By Mira Sinick
Parashat Bo (Exodus 10.1 thru Exodus 13: 16-18) includes the remaining 3 plagues, Pharaoh’s attempted negotiations with Moses and the instructions for observing the Passover festival.
In fact, of our 613 mitzvoth, 20 commandments are written in today’s portion, mostly all dealing with the laws of Passover.
Many of you know that I am a Karaite Jew. Karaite means Readers. The Karaites adhere more strictly to the Torah since they believe in the Tanach alone as a supreme authority of Jewish Law.
Today I would like to share with you how these differences played out in my growing up and how they still effect my observation of the Passover holiday.
Although Passover is a favored holiday amongst many Jews and myself, it wasn’t always so for me. A source of confliction, observing Passover not only separated me from my non-Jewish friends, but from my Jewish friends as well. Not only was I not allowed to eat a chocolate Easter egg during this time, but many items that were labeled kosher for Passover, that my Jewish friends ate, were forbidden to me. Chametz is defined as leavening. Any product such as wine or cheese, that is fermented, was considered chametz amongst Karaite Jews.
Unleavened bread will be eaten for 7 days and leavened bread shall not be seen for you and leaven shall not be seen for you within all your borders. (Exodus 13:6-7)
Then there is the question of the length of THE HOLIDAY. The Torah clearly states that the observance of Pesach will begin on the 14th day of Aviv in the evening through the 21st day of the month in the evening. (Exodus 12:18) Many Conservative Jews celebrate Passover for 8 days. I’ll never forget the shame on my father’s face one year while were doing our bread shopping at the close of the 7th day. We ran into the Isaacsons at Shop Rite. Upon seeing them, my father looked at the contents of our shopping cart. Not knowing that we were Karaites with some different practices, he wondered, what would they think of us shopping for bread, during Passover?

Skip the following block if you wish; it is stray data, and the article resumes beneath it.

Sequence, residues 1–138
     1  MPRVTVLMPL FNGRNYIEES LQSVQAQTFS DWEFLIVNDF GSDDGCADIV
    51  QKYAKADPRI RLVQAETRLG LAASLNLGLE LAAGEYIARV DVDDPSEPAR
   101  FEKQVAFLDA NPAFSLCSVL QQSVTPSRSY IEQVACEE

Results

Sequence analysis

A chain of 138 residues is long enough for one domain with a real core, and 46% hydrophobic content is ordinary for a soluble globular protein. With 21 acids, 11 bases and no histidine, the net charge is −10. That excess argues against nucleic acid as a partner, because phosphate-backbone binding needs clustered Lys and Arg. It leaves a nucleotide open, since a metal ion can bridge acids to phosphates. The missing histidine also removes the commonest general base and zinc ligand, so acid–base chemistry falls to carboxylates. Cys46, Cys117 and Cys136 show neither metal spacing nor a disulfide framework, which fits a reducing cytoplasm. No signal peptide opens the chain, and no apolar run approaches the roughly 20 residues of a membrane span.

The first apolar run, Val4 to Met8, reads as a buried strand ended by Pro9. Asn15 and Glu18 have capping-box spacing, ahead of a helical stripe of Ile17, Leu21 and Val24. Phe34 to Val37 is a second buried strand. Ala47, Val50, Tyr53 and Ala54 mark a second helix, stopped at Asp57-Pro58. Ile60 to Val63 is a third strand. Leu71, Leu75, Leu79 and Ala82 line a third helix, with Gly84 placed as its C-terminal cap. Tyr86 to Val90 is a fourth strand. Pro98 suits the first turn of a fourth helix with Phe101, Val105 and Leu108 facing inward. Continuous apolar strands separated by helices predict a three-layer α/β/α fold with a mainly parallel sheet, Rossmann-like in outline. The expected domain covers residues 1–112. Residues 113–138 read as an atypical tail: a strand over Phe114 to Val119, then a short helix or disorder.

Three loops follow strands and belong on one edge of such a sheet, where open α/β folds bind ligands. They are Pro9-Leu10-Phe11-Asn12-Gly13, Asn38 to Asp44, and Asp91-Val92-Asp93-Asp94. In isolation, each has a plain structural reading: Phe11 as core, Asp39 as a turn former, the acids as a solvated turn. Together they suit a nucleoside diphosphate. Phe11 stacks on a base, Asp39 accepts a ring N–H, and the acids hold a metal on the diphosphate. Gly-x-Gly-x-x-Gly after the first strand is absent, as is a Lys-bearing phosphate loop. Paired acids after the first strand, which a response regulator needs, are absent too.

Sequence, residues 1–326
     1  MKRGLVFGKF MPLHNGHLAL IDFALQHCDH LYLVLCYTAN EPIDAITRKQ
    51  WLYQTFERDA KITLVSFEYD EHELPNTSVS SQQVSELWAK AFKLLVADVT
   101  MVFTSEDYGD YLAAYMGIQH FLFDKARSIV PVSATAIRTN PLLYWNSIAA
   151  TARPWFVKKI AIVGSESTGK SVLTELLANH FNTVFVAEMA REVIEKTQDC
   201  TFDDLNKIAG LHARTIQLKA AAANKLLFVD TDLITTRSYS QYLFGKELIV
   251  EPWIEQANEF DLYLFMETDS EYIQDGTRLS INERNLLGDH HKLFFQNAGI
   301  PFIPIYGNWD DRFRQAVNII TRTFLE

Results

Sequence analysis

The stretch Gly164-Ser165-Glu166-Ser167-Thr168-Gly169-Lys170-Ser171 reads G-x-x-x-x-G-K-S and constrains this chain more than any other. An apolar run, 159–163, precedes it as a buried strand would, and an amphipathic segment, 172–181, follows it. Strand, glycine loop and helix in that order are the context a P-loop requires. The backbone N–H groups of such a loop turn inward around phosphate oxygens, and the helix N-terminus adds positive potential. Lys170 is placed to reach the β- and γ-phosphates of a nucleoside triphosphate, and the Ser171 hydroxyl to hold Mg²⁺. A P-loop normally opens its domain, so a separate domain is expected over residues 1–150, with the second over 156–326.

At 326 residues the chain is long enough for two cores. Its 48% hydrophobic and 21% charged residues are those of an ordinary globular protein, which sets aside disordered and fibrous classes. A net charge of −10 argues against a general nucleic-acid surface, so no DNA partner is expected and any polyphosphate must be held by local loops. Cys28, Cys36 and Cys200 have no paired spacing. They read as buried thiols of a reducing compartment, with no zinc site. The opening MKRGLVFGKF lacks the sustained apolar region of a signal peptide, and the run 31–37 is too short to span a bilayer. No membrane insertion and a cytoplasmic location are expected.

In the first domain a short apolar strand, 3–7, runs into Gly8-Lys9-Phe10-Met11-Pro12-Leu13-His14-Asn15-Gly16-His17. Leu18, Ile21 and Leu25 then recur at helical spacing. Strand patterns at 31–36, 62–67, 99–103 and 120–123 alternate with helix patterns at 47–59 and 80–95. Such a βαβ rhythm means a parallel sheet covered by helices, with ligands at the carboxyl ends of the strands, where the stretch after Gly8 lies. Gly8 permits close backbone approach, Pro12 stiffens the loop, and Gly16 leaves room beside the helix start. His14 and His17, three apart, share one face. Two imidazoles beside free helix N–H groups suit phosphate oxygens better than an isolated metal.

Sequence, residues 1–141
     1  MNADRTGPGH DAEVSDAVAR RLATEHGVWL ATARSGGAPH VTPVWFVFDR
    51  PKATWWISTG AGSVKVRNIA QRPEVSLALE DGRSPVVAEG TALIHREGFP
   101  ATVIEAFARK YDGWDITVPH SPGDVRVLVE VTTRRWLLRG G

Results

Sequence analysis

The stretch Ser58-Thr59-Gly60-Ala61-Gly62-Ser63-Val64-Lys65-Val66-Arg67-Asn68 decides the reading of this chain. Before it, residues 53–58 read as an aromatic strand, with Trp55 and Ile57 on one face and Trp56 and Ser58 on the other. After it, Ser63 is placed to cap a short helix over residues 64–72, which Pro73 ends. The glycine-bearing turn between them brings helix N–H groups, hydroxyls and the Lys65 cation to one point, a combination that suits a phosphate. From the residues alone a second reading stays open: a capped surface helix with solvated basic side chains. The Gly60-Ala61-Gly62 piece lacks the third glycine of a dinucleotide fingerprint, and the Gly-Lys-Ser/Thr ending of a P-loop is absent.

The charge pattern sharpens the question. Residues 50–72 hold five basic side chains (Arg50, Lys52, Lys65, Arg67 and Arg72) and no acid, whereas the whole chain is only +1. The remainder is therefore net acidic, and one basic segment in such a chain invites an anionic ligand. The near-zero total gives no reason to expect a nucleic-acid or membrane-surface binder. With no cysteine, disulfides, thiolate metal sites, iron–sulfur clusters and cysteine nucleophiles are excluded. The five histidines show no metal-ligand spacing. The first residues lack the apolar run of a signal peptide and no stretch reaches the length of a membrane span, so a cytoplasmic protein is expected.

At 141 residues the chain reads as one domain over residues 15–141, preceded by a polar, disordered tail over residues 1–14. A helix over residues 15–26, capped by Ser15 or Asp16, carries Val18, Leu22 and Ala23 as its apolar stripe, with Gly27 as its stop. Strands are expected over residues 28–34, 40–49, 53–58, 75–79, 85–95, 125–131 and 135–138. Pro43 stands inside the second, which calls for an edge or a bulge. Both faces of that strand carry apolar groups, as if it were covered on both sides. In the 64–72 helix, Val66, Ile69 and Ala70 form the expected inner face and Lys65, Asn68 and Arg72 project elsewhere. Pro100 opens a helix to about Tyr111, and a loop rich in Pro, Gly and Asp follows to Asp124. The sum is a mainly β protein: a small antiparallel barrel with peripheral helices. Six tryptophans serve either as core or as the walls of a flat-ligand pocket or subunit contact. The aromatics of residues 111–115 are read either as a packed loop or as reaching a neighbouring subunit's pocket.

God instructs Moses to allow each family to take an unblemished lamb on the 10th day of the month of Aviv, keep it until the 14th day, slaughter, roast and eat the lamb. Until today, our family traditionally roasts lamb on the evening of Passover, making sure to adhere to the second commandment to remove the sinew of the thigh before roasting. Although today we do not put the lamb’s blood on our doorposts, my Uncle Amin clearly remembers his father practicing this ritual.
We are commanded to engage in the rituals of Passover for the purpose of arousing curiosity in our children. These practices help us remember that we were slaves in Egypt and that we were freed for the purpose of serving our God.
How do we serve God? Many of us, come to the synagogue, pray and study. But others choose to engage in many of the mitzvoth that are God-given. Freedom from slavery should be seen as an opportunity to serve God, our neighbors and those less fortunate than ourselves.